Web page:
In the previous blog post we went through our attempts at making molds to prototype the carbon fiber Radium board by utilizing FDM 3D printing, and the issues we came across with that technique.

During that process we decided it would be best to commit to making proper tooling with our Tormach 1100M CNC milling machine, even though each mold would have to be broken up into 4 individual pieces to fit in the machine, with 4 molds (16 pieces) in total.

This changed our approach to making the plug/pattern for the enclosure of the board. Due to the inaccuracy and slowness of 3D printing for large objects we initially tried to make a replica plug of the enclosure, adding a flange afterwards from which the top and bottom half of a two piece mold would be formed. The idea behind this was that after laying up the first half of the mold onto a plastic flange around the part, the flange could be pulled off and the second half of the mold could be laid up directly onto the first half to ensure both sides meet up in the middle perfectly with no gaps. But despite our efforts this method didn’t go well, so this time we took advantage of the accuracy of CNC machining and made two completely separate plugs with a flange already built into both sides – one plug for each half of the two piece mold that would form the enclosure of the board.

The deck had some major design updates as well. We went through many ideas for how to make the decks, from single sided parts with foam cores, to honeycomb cores sandwiched between two layers of carbon. The issue we were having is that carbon fiber parts usually have an accurate cosmetic side that is produced by the mold, and a rough uneven surface on the back from vacuum bagging, but we needed both sides of our deck to have an accurate surface.

We are stoked with the design we landed on in the end – two separate pieces of carbon fiber, with the underside piece including wavy patterns to add stiffness. These two parts are then glued back to back, so both outer surfaces are accurate and smooth. A urethane bumper gets glued in around the perimeter, so the deck is thick but hollow which not only makes it comfortable to hold but significantly reduces weight, enabling the finished deck to weigh just 1kg.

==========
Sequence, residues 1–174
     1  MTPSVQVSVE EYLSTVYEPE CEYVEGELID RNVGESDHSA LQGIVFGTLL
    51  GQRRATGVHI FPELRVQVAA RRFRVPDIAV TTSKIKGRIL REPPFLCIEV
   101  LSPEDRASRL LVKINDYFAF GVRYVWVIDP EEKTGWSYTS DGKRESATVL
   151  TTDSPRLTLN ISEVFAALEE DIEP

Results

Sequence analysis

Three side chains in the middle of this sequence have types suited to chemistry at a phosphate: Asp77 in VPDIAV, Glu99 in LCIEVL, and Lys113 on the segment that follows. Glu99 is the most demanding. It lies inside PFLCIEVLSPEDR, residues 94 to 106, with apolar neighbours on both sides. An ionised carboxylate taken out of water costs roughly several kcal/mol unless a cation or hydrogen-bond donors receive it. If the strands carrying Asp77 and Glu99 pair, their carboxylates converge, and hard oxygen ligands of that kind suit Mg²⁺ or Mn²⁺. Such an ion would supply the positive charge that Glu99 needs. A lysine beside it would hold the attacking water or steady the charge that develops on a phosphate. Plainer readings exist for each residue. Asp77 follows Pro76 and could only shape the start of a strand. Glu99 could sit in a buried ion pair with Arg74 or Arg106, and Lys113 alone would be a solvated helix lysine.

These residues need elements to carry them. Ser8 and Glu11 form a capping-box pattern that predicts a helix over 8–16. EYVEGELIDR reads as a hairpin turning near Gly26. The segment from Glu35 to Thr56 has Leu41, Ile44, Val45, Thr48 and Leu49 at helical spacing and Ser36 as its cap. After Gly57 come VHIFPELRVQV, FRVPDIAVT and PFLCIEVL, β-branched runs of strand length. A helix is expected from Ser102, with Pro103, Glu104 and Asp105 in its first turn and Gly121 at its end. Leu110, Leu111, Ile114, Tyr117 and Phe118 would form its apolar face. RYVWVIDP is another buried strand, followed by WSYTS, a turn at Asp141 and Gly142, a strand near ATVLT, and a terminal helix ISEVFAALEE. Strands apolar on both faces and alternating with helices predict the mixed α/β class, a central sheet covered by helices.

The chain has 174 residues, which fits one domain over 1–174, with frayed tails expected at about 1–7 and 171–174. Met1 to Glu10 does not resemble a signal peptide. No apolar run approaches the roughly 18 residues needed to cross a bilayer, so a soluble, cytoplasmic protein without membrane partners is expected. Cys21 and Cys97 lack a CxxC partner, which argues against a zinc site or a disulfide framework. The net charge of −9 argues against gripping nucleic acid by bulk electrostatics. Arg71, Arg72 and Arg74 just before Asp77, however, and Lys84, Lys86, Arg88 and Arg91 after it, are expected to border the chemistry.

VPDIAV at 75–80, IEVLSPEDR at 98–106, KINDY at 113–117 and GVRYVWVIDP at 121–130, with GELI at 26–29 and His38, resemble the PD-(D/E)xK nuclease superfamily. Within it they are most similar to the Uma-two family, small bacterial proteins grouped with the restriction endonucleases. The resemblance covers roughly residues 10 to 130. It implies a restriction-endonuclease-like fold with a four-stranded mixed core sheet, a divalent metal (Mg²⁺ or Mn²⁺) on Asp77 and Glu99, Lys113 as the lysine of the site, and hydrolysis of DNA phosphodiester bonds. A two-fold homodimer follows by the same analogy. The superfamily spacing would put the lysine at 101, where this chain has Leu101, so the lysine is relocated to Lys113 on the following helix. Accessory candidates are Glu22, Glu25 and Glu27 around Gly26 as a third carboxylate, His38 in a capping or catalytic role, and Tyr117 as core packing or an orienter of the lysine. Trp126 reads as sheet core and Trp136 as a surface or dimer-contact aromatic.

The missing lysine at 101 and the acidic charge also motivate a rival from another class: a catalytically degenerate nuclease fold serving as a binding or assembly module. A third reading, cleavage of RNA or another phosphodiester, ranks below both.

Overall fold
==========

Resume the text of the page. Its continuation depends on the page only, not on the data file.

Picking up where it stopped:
To machine the molds we needed a base material to mill down into the final shape, which had to be sturdy and easy to sand smooth and seal, as achieving a totally smooth surface with a milling machine is just not practical. We decided to use epoxy tooling board, because even though it was significantly more expensive than MDF, it’s a much better material for making molds as it can retain fine details and is very rigid and stable, whereas MDF has a tendency to warp with moisture and internal stresses. However we did use MDF to make the mold for the urethane bumper as it was a simple 2D shape with no need for accuracy.

Blocks of Tooling Board ready to be milled to shape

One of the most difficult parts of CNC milling is holding the parts, and we benefited greatly from the tooling boards strength here, by drilling 3 holes and tapping threads into the tooling board itself we were able to just bolt the blanks to a block of aluminum that we’d clamp in the vise, allowing all edges to be machined away without the cutter colliding with a clamp.

The molds had to be split into sections in CAD, and using the same software (Fusion 360) we created the tool paths to tell the machine how to go about removing the material, including deciding how rough of a finish to leave. The smoother the surface, the longer it takes to machine and it gets to a point where super smooth takes so many hours to machine that its faster to sand it by hand, so we landed on a finish that took around 2 hours of machining for each of the 16 section.